Thoroughly moving episode, but there are two things I question. One is to do with Picard's speech being, perhaps, unrealistically effective. I think I received it as one of those fictional events that has a perfect effect in it's story, but realistically would be questioned or perhaps a bit unprofessional (with Picard being so intimidating and emotional). But I'm much hazier on whether I find that an issue (and it wouldn't be a huge one) or not. I'm also not exactly well versed in court procedures to begin with.
    The second issue is with Riker's role in the story. I know the episode makes it clear why he was unfit to have taken the prosecution role, but does anyone know why there's a rule that the next most senior officer of the 'defendant's' ship becomes 'prosecutor'? I know, at least, that a jury is chosen specifically as an impartial body of people, so why chose a prosecutor who's in agreement with the defender? Makes no sense to have your opposing forces biased in the same way, but it certainly created an interesting drama. And like I said before, I really liked this episode on the whole, despite some confusion about common sense.
  • From tigertooth on 2011-03-23 at 10:12pm:
    I agree that the episode was great. My quibble: the first thing Riker does is call Data to the stand as his witness. Would he call a tricorder to the stand? Or the ship's computer? No, you call *people* to the stand as witnesses. If I was Picard, I would have said "There you go! Case closed!"

    But anything that gives Picard (Stewart) a chance to go off on a righteous monologue is pretty much guaranteed to be great.
  • From CAlexander on 2011-03-28 at 10:13pm:
    This is a fine episode. I especially love the way Picard starts his speech by dismissing the opposing arguments as irrelevant. The only caveat I have about this episode is that it portrays Starfleet's judicial system as oddly primitive and arbitrary.
  • From Jeff Browning on 2011-09-23 at 7:24pm:
    Agree with CAlexander's comment about how crude the Federation legal system appeared. As an attorney, I found it embarrassing. Several obvious issues:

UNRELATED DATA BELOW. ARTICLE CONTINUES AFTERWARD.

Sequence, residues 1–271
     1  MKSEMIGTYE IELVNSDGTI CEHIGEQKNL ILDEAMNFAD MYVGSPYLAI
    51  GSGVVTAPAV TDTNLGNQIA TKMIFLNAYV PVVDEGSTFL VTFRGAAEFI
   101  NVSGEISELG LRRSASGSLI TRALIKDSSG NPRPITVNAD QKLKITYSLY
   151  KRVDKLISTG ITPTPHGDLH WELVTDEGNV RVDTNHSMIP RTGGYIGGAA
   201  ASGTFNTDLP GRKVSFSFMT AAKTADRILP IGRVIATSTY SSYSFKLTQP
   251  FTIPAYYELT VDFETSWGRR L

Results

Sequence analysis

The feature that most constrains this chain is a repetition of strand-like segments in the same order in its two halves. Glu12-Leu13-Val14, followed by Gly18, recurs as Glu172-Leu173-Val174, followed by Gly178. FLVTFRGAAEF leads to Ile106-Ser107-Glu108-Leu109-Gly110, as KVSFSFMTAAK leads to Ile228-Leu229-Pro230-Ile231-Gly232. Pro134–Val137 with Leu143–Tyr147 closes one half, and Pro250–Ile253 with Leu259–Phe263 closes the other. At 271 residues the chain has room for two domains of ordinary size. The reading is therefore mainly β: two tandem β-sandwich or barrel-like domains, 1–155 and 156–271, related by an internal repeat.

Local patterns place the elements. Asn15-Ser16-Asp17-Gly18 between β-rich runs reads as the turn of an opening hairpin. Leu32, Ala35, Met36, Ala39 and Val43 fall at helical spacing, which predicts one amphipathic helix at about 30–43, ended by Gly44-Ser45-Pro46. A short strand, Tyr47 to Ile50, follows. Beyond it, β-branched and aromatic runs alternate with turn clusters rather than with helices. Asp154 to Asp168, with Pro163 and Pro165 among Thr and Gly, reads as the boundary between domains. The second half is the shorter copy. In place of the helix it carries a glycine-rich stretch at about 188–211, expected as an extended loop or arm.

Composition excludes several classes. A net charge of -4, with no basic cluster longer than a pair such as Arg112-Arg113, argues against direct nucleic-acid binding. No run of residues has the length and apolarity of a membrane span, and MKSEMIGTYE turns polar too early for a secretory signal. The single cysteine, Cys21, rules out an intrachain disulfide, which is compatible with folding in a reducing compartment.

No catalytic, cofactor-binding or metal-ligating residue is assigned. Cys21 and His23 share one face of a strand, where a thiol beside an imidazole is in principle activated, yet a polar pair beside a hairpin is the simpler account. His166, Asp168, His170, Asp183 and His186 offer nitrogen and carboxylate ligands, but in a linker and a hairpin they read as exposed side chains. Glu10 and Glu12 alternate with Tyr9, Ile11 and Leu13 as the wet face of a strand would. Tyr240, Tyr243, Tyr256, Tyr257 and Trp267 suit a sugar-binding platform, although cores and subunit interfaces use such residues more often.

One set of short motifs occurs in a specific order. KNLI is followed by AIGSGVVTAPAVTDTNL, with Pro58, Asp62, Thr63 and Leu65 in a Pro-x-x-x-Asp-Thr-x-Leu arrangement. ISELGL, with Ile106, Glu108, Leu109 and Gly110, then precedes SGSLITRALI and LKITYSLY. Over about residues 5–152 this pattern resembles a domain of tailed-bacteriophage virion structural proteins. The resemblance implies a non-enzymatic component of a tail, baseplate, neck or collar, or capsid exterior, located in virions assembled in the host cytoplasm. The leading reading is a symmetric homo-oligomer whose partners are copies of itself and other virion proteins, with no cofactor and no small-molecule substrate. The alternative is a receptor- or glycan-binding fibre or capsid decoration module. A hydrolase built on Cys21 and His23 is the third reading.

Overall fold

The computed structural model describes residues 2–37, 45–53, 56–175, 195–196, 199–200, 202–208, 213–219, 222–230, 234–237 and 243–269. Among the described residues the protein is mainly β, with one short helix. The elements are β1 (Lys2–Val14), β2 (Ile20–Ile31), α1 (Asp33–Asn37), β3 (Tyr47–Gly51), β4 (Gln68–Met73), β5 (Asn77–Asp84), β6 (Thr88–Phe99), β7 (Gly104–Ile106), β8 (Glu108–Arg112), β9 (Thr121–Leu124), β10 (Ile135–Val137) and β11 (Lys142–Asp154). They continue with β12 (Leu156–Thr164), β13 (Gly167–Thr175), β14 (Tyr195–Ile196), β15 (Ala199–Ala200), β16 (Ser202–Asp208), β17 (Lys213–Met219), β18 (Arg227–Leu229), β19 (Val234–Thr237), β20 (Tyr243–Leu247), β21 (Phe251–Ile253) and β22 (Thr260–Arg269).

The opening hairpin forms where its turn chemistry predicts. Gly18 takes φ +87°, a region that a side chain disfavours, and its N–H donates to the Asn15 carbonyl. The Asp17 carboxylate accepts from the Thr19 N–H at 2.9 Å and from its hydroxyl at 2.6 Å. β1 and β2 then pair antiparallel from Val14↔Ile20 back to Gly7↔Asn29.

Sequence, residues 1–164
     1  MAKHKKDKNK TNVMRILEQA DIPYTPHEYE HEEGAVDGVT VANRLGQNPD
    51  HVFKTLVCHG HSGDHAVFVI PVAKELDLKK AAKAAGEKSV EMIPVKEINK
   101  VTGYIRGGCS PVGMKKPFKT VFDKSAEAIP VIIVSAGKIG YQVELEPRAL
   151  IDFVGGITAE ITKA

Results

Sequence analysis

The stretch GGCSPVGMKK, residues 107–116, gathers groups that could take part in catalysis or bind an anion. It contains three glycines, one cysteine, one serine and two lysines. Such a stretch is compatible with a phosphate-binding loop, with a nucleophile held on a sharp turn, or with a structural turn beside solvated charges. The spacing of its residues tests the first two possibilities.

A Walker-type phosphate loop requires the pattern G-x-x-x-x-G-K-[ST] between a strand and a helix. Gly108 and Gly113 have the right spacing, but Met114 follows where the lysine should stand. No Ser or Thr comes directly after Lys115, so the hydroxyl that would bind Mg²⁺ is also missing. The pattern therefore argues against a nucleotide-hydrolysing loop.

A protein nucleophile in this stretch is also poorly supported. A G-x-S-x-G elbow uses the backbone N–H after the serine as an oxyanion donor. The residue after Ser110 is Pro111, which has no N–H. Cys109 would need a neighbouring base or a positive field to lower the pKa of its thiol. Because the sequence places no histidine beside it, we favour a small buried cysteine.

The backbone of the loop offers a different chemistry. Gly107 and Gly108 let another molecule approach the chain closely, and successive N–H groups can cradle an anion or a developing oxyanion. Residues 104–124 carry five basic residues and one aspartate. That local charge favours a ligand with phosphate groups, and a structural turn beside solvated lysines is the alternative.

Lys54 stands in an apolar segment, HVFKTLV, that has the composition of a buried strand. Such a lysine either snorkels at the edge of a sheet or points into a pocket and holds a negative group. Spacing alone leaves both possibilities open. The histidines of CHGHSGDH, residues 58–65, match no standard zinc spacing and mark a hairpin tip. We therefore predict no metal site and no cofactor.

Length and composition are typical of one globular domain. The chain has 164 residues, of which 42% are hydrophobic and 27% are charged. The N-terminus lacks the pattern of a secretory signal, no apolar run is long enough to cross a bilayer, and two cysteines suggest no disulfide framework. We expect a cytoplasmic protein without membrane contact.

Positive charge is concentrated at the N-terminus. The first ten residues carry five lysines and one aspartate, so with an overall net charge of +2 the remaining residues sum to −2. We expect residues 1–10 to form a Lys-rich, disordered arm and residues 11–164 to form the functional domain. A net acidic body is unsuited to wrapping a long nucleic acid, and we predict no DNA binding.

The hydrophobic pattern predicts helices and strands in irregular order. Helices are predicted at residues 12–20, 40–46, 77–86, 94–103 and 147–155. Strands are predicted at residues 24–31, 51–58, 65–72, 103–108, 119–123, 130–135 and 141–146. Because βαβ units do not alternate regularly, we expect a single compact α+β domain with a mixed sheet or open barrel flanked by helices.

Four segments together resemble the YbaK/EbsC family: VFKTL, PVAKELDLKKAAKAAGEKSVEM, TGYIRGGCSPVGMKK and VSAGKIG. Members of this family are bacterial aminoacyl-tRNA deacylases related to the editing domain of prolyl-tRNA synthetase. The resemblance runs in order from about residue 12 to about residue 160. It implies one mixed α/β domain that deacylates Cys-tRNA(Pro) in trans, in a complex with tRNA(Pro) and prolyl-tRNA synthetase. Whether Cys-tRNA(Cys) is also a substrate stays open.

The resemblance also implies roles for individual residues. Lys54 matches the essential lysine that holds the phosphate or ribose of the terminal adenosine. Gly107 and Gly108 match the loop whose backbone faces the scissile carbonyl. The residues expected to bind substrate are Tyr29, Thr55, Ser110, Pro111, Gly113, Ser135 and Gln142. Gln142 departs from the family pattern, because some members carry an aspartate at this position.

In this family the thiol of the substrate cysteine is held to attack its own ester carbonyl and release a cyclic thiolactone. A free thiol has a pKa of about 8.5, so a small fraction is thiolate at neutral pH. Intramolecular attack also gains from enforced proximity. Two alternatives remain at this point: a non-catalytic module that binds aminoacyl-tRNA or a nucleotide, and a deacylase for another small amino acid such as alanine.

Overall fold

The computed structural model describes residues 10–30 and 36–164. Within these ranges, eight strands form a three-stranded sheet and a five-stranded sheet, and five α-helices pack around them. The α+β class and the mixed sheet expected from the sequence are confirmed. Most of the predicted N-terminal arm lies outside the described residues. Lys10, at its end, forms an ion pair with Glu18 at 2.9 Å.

1. Data can't choose his own counsel? He is told that Picard will represent him. Picard offers to replace himself, but Louvois makes no such offer. The choice of defense counsel is totally in the control of the defendant in all civilized legal systems.

    2. The notion that Riker has to prosecute is absurd. He has a strong personal relationship with the accused. He is obviously not qualified. He would have to recuse himself.

    3. Why didn't Maddox appeal? You're telling me that a ruling by a mere JAG officer in a remote star base is final?

    You get the idea. Anyone with any legal training can find holes big enough to drive a truck through on this one.
  • From One moon shirt on 2012-02-26 at 10:56pm:
    I would give this episode 100 if there was such a rating. This is some of the best Trek out there. The issue of slavery and human rights is classic, this is an episode that will always endure the test of time, people will be watching this one in the 24th century :)
  • From Rick on 2012-10-10 at 12:11am:
    This may well be the quintessential star trek episode. How do we treat new life forms?

    A commenter above notes that this episode may be flawed because Maddox already made the argument that Data was not sentient and he lost. This point of view is flawed, however, because although Maddox made the argument that Data is not sentient, the Board may have ruled that Data could be admitted to Starfleet on alternate grounds. This is a technical legal point but it is certainly plausible. The board simply couldve punted on the sentience issue and ruled that Data was admissible to Starfleet for whatever reason.

    The rest of Maddox's argument is rather poor upon further examination, as other commenters have noted. His entire reasoning is based upon analogy to other types of machines. Fatal flaw? No other type of machine is capable of or would refuse his examination. It seems pretty obvious to me that as soon as a being is capable of refusing to be destroyed (albeit potentially), it has earned the right not to be.
  • From Rick on 2013-11-11 at 12:19pm:
    One more thing. Even if Data is ruled to be property why would he be Starfleet's property? Isnt he still his creator's property? Maddox would have a tough time explaining how he was against Data being able to join Starfleet while also believing that Starfleet owns him. If I were the judge it wouldve been an easy ruling to say even if Data is ruled as property Starfleet has no ownership so the whole case is irrelevant.